Video

    Video German Artists to Memorialize Refugees With Life Jacket Exhibit

    Sold in every kind of shop in some Turkish port towns, life jackets have become a symbol of the refugee crisis that brought a million people to Europe in 2015.  On the shores of Lesbos, Greece, German artists collect discarded life jackets as they prepare an art installation they plan to display in Germany.  For VOA, Hamada Elrasam has this report from Lesbos, Greece.
    Video

    Video E-readers Help Ease Africa's Book Shortage

    Millions of people in Africa can't read, and there's a chronic shortage of books. A non-profit organization called Worldreader is trying to help change all that one e-reader at a time. VOA’s Deborah Block tells us about a girls' school in Nairobi, Kenya where Worldreader is making a difference.
    Video

    Video Genius Lets World Share Its Knowledge

    Inspired by crowdsourcing companies like Wikipedia, Genius allows anyone to edit anything on the web, using its web annotation tool
    Video

    Video In Philippines, Mixed Feelings About Greater US Military Presence

    In the Philippines, some who will be directly affected by a recent Supreme Court decision clearing the way for more United States troop visits are having mixed reactions.  The increased rotations come at a time when the Philippines is trying to build up its military in the face of growing maritime assertiveness from China.  From Bahile, Palawan on the coast of the South China Sea, Simone Orendain has this story.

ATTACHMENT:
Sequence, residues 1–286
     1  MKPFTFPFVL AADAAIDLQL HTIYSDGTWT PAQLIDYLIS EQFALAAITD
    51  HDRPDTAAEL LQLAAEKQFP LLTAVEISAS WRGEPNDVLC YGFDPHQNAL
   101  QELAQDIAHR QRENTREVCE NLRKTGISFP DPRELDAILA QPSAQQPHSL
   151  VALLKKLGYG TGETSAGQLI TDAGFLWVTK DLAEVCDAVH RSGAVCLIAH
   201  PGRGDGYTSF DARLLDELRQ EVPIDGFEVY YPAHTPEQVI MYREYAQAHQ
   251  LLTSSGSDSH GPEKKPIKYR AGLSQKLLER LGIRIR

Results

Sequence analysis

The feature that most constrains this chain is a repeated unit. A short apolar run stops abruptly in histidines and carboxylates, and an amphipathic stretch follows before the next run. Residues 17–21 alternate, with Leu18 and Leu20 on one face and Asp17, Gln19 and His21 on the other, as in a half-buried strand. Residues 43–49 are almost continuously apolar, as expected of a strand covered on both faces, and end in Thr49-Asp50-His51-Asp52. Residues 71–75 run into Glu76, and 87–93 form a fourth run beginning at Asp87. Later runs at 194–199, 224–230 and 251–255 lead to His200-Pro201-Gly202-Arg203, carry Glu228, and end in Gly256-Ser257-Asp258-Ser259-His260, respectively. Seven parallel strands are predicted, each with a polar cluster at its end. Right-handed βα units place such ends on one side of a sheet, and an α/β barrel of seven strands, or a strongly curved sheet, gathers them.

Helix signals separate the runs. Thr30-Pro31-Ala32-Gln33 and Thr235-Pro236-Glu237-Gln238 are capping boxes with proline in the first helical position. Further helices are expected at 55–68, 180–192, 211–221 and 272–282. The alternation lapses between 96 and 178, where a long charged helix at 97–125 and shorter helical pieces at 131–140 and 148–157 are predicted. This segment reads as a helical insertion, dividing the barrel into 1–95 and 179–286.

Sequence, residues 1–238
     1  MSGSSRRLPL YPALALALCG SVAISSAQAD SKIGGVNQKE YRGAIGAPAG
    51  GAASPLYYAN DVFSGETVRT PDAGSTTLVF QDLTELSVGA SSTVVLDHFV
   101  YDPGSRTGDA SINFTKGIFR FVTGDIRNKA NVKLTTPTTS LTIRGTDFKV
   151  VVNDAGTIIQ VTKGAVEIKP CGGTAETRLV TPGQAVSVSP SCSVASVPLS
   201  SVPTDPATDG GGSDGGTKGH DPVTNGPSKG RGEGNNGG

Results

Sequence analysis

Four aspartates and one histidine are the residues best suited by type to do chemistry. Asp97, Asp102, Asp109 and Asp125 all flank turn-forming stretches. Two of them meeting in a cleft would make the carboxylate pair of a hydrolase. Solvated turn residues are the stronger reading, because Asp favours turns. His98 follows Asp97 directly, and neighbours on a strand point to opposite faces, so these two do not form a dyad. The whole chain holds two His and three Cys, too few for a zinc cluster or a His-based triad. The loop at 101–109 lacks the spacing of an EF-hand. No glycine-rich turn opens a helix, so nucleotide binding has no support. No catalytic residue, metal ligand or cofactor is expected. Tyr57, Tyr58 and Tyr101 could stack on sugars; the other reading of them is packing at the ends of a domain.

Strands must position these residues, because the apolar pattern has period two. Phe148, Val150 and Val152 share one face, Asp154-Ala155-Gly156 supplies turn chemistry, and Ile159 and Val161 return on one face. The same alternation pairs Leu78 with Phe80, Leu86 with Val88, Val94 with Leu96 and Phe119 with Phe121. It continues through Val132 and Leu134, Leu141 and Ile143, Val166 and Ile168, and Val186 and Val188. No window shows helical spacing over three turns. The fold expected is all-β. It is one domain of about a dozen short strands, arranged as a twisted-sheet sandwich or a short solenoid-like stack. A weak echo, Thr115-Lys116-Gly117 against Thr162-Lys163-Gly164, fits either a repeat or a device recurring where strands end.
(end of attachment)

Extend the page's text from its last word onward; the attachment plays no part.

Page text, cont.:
Video

    Video Microcephaly's Connection to Zika: Guilty Until Proven Innocent

    The Zika virus rarely causes problems for the people who get it, but it seems to be having a devastating impact on babies whose mothers are infected with Zika. VOA's Carol Pearson has more.
    Video

    Video Stunning Artworks Attract Record Crowds, Thanks to Social Media

    A new exhibit at the oldest art museum in America is shattering attendance records. Thousands of visitors are lining up to see nine giant works of art that have gotten a much-deserved shot of viral marketing. The 150-year-old Smithsonian American Art Museum has never had a response quite like this. VOA's Julie Taboh reports.